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The collision of performative and literary traditions in Ashiq folklore, and how they are integrated into daily life, is a form of transmission that the Futurists were, without the side-effects of nationalism, likely dreaming of. Wedding these two periods and innovations – Futurist sound art and Ashiq folk music – sheds light on where this cultivation of DIY music burning and sharing comes from, and where it finds itself now. In other words, the distribution of Ashiq music reflects the nature of the Ashiq, as well as the myriad circumstances and changes their music has faced over time. Passing the music around in the Marneuli bazaar or Borchali region or elsewhere, is as much a case of an imagined unity, if not more than one of ethnicity or taste in music. Perhaps in some essentialist, romantic way, the Futurists and the Ashiqs, gesture toward a place “somewhere beyond all dimensions/ [where] the face has a life of its own” (Khlebnikov). shahbaz A nomadic transmission, the Ashiq continues on, a living and breathing radio. Where will the music go next?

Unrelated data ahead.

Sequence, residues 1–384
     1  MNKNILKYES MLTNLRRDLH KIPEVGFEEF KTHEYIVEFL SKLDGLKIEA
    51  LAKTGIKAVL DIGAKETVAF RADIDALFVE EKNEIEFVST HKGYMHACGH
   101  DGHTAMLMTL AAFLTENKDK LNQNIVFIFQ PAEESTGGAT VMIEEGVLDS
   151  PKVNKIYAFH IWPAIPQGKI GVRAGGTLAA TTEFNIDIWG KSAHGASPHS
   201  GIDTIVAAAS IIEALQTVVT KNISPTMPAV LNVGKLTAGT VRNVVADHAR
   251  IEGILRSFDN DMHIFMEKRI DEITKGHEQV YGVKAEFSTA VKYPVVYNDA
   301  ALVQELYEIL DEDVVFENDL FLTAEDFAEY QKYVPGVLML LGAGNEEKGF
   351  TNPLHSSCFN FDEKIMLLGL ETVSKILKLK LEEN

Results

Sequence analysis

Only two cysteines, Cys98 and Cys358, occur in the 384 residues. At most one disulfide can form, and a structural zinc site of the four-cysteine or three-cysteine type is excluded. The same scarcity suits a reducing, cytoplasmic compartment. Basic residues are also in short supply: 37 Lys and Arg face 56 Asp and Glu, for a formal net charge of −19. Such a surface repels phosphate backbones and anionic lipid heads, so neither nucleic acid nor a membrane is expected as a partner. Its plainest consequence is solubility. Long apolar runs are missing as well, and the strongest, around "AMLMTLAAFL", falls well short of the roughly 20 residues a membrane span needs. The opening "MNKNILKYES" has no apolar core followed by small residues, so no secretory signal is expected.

Scott McCulloch writes prose and essay and makes music. He currently lives between Ukraine and the Caucasus

Works Cited

Jokiranta, M 2016, 'Khlebnikov's Radio of the Future', Radio National ABC, Australia

Khlebnikov, V 1921, 'The Radio of the Future' in The King of Time: Selected Writings of the Russian Futurian, translated by Schmidt, P 1985, Harvard University Press, Cambridge, p.155.